A first look into the trifecta of automobiles, entertainment, and spirits
A few summers ago we were rebranding BBC America and luxury car brands were revealing their visions for autonomous cars that functioned as “living rooms on wheels.”
This sparked my curiosity: How will the mobile living room change the brands we work with in automotive, entertainment and spirits?
“Technology fundamentally changes what makes your brand premium.” — HBR
The mobile living room conversation has largely centered around comfort, relaxation, and tech, with emphasis on features like swivel seats, gardens, Alexa-type voice activated AI, and wood floors. …
We have to work through the messes.
That is the most common truth in business — it’s a shit show.
I have gum in my hair. I have to fly the plane while fixing it. I have to please my current customers while moving to an entirely new target. I have to sell down the product on hand, while introducing brand new product that needs to claim how much better it is than the old…
In other words: You have what you have, you need to get from here to there… and usually, you have to drag a lot along…
Earlier this year, Facebook amped up its apology tour with the launch of a new, highly criticized ad campaign, and the promise of being able to actually wipe all the data you don’t want shared. WhatsApp co-founder Jan Koum confirmed he is leaving Facebook, reportedly because of a clash over its approach to personal data and encryption (and since the original posting of this article, Instagram’s co-founders Kevin Systrom and Mike Krieger have announced their resignations as well). …
In An Alchemy of Mind, Diane Ackerman writes: “A self is deciduous, it leafs out as one grows, changes with one’s seasons, yet somehow stays briskly the same.”
I like this idea, it feels true for a person or a brand. It holds in it the aspiration to grow, evolve, return to your roots, begin again.
Ackerman also tells us that the human brain “composes a self-portrait from a confetti of facts and sensations, and as pieces are added or removed the likeness changes, though the sense of unity remains.”
People do the work of identifying themselves amidst the endless…
I’ve been writing a bit recently about keeping it together when everything seems to be hitting the skids… when, even if you’re doing all the things to build the resilience muscle, taking decisive action can feel overwhelming.
Decisions in this context often feel permanent, whether a life decision or a business decision, they can take on a larger-than-life sense that “This is what i’m going to do forever.” Even though it’s just the next step, or next couple of steps, it can feel like it’s the last decision you’ll ever make.
It won’t be.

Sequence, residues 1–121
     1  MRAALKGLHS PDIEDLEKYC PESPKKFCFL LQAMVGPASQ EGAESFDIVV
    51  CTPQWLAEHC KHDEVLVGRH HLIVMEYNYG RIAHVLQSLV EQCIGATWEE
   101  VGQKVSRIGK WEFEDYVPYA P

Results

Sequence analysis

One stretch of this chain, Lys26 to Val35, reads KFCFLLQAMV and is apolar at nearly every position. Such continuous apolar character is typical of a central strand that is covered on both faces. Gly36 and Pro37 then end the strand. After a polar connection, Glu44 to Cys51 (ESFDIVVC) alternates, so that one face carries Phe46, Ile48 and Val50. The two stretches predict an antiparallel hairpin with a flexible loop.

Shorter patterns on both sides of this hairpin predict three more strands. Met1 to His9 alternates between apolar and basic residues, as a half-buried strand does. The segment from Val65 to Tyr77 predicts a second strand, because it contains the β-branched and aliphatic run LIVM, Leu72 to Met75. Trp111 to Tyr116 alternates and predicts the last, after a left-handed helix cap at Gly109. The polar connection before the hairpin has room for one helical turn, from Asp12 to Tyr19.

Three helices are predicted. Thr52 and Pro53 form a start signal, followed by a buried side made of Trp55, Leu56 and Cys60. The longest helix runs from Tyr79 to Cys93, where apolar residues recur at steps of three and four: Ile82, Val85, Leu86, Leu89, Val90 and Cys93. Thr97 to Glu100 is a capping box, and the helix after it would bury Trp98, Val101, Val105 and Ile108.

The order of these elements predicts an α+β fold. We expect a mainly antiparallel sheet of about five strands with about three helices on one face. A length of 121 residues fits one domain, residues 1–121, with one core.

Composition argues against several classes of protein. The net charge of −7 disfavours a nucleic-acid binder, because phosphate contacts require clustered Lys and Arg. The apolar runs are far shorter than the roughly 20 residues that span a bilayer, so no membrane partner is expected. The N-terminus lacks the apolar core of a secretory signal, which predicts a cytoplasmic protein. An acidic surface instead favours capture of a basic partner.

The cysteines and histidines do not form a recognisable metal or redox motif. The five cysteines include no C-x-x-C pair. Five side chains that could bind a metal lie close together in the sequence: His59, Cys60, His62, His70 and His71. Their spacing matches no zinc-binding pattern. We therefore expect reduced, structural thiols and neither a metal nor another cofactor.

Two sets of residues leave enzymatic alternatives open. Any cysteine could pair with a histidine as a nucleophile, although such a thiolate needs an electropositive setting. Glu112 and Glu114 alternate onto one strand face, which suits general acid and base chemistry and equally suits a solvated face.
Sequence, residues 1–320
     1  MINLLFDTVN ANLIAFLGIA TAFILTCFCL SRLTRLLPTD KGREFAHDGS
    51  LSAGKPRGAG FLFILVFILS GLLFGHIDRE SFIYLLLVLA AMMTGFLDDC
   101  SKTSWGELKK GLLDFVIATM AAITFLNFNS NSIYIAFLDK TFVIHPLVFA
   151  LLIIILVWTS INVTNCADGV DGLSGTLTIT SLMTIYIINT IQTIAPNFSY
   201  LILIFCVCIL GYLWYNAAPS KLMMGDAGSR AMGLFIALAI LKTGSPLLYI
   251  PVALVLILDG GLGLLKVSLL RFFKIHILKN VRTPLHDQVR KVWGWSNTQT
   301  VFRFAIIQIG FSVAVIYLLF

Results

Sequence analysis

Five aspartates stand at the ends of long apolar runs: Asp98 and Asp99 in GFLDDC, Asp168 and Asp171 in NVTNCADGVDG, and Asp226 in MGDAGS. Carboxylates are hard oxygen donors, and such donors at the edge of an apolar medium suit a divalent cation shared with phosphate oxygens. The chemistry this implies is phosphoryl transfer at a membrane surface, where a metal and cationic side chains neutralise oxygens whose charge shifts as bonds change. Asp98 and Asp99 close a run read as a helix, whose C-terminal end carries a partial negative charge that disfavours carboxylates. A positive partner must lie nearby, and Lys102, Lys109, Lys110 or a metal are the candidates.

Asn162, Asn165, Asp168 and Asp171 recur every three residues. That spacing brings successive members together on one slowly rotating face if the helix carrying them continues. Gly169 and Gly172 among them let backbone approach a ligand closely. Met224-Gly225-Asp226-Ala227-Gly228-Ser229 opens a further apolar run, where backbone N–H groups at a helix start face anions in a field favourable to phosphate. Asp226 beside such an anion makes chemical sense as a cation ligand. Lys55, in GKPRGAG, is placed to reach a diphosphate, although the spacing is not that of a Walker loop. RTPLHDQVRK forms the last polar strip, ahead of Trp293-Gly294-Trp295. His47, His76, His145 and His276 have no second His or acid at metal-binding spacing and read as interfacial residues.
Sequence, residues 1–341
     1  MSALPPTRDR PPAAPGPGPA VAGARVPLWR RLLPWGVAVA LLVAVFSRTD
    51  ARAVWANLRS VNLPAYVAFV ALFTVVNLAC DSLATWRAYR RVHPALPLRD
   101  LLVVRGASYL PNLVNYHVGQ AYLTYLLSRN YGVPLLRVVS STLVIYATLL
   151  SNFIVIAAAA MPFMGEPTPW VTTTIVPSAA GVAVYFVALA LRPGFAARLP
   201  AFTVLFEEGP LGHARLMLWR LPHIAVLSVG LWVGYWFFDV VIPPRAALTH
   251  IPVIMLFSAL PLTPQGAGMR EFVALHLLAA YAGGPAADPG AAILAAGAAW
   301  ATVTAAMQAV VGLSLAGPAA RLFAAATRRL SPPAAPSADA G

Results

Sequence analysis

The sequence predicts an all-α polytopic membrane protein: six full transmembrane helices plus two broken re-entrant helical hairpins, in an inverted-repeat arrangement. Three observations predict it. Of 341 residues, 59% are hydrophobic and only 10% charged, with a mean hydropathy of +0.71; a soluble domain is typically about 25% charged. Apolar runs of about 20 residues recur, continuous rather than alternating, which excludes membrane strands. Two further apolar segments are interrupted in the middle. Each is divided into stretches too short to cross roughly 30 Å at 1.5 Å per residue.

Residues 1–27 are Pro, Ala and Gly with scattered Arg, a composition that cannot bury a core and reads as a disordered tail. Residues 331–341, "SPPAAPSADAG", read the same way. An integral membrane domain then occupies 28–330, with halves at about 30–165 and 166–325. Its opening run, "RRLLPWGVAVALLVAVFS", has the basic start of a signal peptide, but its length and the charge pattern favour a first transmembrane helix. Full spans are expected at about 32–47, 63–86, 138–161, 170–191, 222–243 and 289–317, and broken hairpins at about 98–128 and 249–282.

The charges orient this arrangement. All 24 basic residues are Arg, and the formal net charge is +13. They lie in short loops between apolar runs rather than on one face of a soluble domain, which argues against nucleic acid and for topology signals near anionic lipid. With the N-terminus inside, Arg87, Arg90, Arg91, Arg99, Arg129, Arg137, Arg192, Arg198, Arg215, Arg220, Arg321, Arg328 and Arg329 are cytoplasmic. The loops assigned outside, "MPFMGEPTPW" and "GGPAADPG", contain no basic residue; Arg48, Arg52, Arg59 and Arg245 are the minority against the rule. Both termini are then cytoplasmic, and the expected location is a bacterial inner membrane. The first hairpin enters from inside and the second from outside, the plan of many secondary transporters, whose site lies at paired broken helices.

And there’s a better, or at…
Endings are like that — elusive when the situation you’re leaving is divine and when it’s shit.
There are seemingly blunt and obvious endings, final curtain moments — you lose your job, get divorced, a loved one dies, a project wraps. But lots of times you don’t know you’re in an ending until something begins.
Just like you have to have black to see white, you often have to see or sense a beginning to know it’s an end.
“[The ‘graceful exit’] involves a sense of future, a belief that every exit line is an entry, that we are moving…
Leading change on the personal level — which is really just the work of making a life — is much the same as leading change in business. Leading change, as opposed to being at its mercy, depends on a plan, decisive action, and resilience.
Lately, I’ve been very curious about how a sense of confidence in your own resilience factors into your willingness to engage with change as an individual — and as a business leader.
My curiosity focused on three primary questions:
What is resilience?
How does it work?
Why does it matter?
Resilience is defined as the capacity…
Why would I stop? I love a good plan. As a brand strategist, a plan is how I’ve led change for iconic brands like Jaguar, BBC America, Cadillac, and others. It is also how my husband, Hal Wolverton, and I have led change in our lives. How we built our brand boutique, Johnson + Wolverton, and how we have brought some of our wildest dreams to life.
Change is my thing. It begs the juicy question, “Where do I go from here?”
Hal and I have had a 10-year plan in the works for more than 20 years. But not…
Facebook has 2.2 billion active users worldwide — and most of them have had their data scraped “by outsiders without their explicit permission.”
In other words, without their consent.
People feel violated. and for good reason. The social media giant is plagued by scandals linked to their disrespectful behavior, sketchy privacy policies, and invasive innovation.
As horrifying as it is, the Facebook problem has provided us all with a mirror. Facebook only works because we let it, and it won’t change unless we are all willing to give up the dopamine teat of scrolling our feed.
Several years ago people began talking about this idea of slow social. Like slow fashion or slow food, slow social emphasizes quality, connection, and meaningfulness over quantity and quick consumption.
But while there were some canaries signaling the dangers of our increasing connectedness, slow social never really took off. But now, with distrust of the media at an all time high, our social currency being traded away by others, and absolutely everyone wanting to just fucking turn off already, I think the slow social movement is poised for a second wind.
veteran myth-maker, brand strategist, author, change agent, citizen and partner at johnson + wolverton. @ajonbrand